The Christmas List

Christmas is just around the corner,  and while  it is hard to believe another year has passed us by, it is once again time to start making a list and checking it twice when it comes to the dog-lover in your life. If you’re looking for a last minute gift idea or if you need some reading material for the long trip over the river and through the woods, as you travel back to grandmother’s house for the holidays, here are a few books that I think are worth the time to read.

Boomer Christmas '12

“What the Dog Knows” by Cat Warren is phenomenal. Her writing is lush and vivid and her story-telling style will have you twenty pages in before you even realize you started reading.  The book is about her foray into Search & Rescue with her German Shepherd,  Solo.  Warren takes us from her own beginnings, from her first steps into the SAR field to help keep her energetic pup engaged, to training, through her career, with detours into history lessons and mythology. It is a fantastic read and I highly recommend it.

      

“On Looking” is the latest from “Inside of a Dog” author, Alexandra Horowitz. It is a valiant sophomore effort tackling what would seem to most to be a pedestrian topic: a walk around the block. In her witty and insightful way, Horowitz takes the mundane task of walking the dog and turns it on its ear. She brings in experts in a wide array of fields to get their profession-skewed insights into  the daily ritual many of us don’t give a second thought. While it doesn’t have quite the same resonance as “Inside of a Dog,” it does provide plenty of food for thought for those daily constitutionals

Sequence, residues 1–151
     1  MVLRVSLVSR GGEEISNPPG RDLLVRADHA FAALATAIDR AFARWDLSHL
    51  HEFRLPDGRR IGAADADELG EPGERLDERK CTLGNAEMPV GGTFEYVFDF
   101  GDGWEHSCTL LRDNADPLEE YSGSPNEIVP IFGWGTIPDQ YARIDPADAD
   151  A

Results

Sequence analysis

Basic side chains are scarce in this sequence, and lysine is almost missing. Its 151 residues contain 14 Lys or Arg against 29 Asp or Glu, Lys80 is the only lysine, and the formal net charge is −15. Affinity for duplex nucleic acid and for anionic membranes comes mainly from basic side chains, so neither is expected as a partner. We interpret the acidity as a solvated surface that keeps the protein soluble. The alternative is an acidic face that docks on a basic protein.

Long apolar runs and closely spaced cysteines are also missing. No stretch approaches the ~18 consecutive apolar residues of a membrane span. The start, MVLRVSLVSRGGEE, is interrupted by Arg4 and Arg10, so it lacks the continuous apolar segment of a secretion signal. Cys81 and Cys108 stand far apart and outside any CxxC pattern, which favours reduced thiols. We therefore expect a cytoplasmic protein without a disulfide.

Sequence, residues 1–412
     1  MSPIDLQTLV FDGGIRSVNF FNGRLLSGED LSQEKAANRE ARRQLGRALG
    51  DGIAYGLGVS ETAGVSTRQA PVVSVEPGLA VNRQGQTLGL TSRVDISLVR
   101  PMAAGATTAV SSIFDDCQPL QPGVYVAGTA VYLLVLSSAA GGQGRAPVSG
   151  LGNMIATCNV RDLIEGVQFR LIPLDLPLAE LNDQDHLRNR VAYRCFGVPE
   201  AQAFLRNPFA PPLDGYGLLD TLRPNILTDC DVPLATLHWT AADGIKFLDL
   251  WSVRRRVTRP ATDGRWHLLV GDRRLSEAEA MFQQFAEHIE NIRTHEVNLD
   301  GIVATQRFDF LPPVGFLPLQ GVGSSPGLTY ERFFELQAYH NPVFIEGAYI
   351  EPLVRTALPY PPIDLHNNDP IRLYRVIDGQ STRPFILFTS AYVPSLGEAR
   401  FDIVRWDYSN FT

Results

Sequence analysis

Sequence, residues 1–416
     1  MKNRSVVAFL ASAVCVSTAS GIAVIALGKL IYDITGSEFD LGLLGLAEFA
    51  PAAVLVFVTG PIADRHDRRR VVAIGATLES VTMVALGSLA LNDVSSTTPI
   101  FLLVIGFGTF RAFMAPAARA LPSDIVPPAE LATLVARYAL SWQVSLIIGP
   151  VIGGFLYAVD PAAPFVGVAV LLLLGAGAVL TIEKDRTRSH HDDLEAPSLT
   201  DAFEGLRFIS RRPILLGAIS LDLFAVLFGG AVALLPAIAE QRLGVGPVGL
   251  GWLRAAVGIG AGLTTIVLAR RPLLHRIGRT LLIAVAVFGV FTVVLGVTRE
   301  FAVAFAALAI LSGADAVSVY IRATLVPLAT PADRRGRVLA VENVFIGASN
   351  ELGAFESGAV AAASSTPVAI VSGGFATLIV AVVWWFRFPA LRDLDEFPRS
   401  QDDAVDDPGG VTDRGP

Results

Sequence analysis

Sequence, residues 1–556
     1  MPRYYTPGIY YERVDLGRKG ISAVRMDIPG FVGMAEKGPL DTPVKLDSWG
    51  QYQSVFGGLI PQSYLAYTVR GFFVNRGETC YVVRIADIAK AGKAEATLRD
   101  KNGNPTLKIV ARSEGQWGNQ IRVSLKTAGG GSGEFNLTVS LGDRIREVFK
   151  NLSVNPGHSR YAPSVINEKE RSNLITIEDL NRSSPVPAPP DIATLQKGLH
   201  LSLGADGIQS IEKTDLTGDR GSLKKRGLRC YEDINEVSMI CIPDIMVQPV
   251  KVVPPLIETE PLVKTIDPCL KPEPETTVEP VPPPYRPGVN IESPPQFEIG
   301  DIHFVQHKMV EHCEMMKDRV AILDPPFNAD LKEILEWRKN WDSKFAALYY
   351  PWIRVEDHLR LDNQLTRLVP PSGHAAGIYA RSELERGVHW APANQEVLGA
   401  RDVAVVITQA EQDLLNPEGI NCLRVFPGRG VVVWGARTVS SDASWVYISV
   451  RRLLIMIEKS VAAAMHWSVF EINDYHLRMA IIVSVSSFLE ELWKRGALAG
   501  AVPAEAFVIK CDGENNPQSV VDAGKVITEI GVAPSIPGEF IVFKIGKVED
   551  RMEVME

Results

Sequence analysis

The story in “How Dogs Love Us,” is an amazing one; a scientist teaches dogs to hold still in an MRI so we can actually see what’s going on in their  incredible doggie brains. Here’s the problem, it was written by a scientist. My significant other has an expression she uses when I get long-winded on a subject, “I don’t need to see you build a watch, just tell me what time it is.” I found that could apply to many of the passages in “HDLU.” Is might be my problem. I have read enough about classical conditioning and clicker training to fill a few books of my own, so I don’t need the background. I also don’t need to know what the dog trainer wore to his sessions with you. That aside, the story is a good one, and the dips into author, Gregory Berns, family life adds some character to the read, so in the end, it gets a thumbs up.

Still on my shelf, but getting a recommendation anyway: Brian Hare’s “The Genius of Dogs,” “Chaser: Unlocking the Genius of a Dog That Knows 1000 Words,” and “Decoding Your Dog.”

What I like most about al these books is the way they are taking the study of dogs seriously. Dogs have been at our side for so long that I believe in many ways, we forgot they were there. They became uninteresting to researchers and scientists because of their steadfast allegiance to us. They were boring. We began taking them for granted. This new crop of dog-loving scientists has taken another look at our best friends and we are all being amazed and fascinated by what they have found.

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